The 4 Best Types of Lettuce for Wraps and Burgers


Lettuce wraps are a savior if you still want to eat burgers and wraps while watching your calories.

They don’t work as well as bread does, but some types of lettuce are better than others.

After eating dozens of wraps over the years, and trying many types of lettuce, here are my top 4 from best to worst.

1. Butter Lettuce

butter lettuce head

It’s not always easy to find, but if you have access to butter lettuce, it’s the best option for wraps.

The leaves are both long and broad, most closely resembling a circle of any lettuce type.

Also, the leaves are relatively strong, they won’t fall apart when you start eating unless you’re rough with them.

2. Red/Green Leaf Lettuce

red leaf lettuce

You can find red or green leaf lettuce in almost every grocery store.

It’s comparable to romaine, but I feel like it’s a bit better for wraps for 2 main reasons:

  1. It’s fairly broad, so you can fit a decent amount of food inside.
  2. It’s more flexible, you can wrap red or green leaf lettuce and it will rarely crack or tear.

Still, there’s a bit of crunch, and this is my go-to option when butter lettuce isn’t available.

3. Romaine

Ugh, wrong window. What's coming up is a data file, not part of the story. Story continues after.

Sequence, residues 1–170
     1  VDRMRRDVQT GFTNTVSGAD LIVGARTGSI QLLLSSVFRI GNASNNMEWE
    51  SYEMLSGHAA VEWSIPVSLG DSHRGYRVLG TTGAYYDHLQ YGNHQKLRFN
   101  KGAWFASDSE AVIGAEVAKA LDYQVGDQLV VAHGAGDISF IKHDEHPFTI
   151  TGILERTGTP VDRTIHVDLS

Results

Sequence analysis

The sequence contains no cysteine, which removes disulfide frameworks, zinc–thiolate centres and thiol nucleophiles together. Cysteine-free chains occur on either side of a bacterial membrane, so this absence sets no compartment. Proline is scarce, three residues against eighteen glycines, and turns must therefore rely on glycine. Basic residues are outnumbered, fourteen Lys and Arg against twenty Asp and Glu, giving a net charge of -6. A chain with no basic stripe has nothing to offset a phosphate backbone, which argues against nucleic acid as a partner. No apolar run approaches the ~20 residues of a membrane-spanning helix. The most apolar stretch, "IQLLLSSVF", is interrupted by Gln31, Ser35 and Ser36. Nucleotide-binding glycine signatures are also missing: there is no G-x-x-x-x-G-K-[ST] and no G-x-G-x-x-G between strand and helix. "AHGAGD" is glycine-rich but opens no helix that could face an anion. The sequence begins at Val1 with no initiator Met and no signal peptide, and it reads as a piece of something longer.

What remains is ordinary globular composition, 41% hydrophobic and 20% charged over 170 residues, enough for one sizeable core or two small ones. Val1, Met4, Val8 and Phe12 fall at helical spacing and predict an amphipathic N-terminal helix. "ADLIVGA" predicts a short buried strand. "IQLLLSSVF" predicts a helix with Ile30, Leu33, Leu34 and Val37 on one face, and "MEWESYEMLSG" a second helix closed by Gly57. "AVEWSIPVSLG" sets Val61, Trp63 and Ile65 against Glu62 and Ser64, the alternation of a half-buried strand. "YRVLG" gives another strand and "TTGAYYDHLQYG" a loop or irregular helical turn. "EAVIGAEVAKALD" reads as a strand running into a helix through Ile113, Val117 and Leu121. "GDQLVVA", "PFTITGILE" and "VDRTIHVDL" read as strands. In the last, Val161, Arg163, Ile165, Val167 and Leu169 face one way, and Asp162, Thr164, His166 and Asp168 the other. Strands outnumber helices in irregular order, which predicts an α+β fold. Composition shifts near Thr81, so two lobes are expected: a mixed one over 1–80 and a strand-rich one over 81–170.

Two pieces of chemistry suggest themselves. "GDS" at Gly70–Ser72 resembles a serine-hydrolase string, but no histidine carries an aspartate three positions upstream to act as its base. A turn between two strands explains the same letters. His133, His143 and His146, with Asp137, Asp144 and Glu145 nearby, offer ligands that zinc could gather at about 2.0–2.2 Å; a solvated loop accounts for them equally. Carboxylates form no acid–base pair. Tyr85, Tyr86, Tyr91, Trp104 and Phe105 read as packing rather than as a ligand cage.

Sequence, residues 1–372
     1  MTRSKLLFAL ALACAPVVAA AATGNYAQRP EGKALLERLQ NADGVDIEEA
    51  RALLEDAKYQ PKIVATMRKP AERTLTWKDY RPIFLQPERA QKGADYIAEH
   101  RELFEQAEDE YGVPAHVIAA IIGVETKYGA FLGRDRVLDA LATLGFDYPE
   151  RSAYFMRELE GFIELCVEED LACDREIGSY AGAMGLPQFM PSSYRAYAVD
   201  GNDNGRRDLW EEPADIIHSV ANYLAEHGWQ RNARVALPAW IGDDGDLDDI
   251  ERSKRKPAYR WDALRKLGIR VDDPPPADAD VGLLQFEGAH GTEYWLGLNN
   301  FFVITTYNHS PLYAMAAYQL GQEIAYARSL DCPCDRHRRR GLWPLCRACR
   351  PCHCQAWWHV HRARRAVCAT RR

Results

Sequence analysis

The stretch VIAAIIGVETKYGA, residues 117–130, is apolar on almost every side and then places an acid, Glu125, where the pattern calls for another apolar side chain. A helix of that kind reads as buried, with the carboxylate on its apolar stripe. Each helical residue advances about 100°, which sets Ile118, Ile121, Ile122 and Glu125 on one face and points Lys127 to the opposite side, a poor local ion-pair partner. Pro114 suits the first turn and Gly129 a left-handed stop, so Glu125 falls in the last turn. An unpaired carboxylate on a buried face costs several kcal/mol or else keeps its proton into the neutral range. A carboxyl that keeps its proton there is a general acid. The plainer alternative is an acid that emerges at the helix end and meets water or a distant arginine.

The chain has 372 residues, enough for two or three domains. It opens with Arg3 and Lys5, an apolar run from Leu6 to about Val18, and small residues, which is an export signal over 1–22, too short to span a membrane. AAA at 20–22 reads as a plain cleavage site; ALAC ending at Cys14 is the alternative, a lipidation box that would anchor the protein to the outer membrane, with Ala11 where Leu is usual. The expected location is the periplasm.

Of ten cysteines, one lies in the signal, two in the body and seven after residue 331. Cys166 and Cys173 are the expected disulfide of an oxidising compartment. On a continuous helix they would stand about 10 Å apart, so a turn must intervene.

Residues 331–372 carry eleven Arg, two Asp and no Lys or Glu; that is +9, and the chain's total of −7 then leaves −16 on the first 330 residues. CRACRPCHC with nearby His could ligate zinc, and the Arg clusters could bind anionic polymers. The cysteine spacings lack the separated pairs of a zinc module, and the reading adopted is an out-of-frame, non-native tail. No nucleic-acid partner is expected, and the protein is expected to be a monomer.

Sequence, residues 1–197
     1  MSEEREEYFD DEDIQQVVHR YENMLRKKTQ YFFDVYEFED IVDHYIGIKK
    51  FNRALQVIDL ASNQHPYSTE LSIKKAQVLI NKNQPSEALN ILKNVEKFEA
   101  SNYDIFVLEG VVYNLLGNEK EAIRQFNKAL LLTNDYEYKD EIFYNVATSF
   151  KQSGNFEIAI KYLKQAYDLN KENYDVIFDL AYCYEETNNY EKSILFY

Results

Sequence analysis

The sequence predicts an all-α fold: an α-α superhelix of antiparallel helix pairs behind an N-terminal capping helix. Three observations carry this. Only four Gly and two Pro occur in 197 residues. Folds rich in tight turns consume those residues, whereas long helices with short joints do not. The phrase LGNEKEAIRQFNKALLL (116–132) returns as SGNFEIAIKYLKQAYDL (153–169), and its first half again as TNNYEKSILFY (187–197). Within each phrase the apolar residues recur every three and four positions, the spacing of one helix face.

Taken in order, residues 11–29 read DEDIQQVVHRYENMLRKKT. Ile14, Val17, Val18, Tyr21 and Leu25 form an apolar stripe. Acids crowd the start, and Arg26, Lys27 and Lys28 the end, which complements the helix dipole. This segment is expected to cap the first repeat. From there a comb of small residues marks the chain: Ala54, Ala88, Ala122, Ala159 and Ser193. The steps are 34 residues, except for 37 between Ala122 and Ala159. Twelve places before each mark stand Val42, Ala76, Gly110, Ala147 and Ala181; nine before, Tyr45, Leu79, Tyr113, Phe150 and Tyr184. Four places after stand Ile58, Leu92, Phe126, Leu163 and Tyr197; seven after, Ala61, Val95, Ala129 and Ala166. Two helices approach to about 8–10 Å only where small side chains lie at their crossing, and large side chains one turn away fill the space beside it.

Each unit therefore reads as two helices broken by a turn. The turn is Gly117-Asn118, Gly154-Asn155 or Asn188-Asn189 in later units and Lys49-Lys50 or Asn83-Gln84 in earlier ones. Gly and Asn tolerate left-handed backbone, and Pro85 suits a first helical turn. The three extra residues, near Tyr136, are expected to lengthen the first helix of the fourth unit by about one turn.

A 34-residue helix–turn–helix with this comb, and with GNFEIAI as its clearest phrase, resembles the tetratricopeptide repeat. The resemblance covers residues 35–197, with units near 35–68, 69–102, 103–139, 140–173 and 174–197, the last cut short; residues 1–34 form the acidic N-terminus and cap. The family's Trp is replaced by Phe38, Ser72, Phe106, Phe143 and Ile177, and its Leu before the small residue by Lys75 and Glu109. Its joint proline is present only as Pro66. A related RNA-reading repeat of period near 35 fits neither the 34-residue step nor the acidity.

romaine lettuce

Romaine is best used for “boats”, but not for wraps.

It’s an okay option, but only the outer leaves are good for wraps, and even then they are pretty narrow, limiting the amount of food you can actually wrap.

While the crunch of romaine is nice texture-wise, it often snaps when you try to fold it around food.

4. Iceberg

iceberg lettuce

If you’re really in a pinch, iceberg can be used for wraps, but it should really be a last resort.

The pieces of iceberg lettuce are big and round, which is the perfect shape for a wrap, but they’re very fragile. It typically tears when you try to roll it up. If you do go with iceberg, wrap very slowly and carefully.

A Better Option Than Lettuce?

What I’ve found through trial and error is that the best plant wrap isn’t actually lettuce.

Instead, try one of the following 3 alternatives:

  • Swiss chard
  • Collards
  • Savoy cabbage.

All of these are stronger than lettuce, but still relatively flexible without as big of a risk of tearing.

It will change the taste of your wraps a bit, but not necessarily in a bad way.

About the author

Dale Cudmore

Your friendly neighborhood vegan from Toronto. Chemical engineer turned semi-professional soccer player and freelance nutrition writer. I've been vegan for years and try to make life easier for others by sharing what I've learned.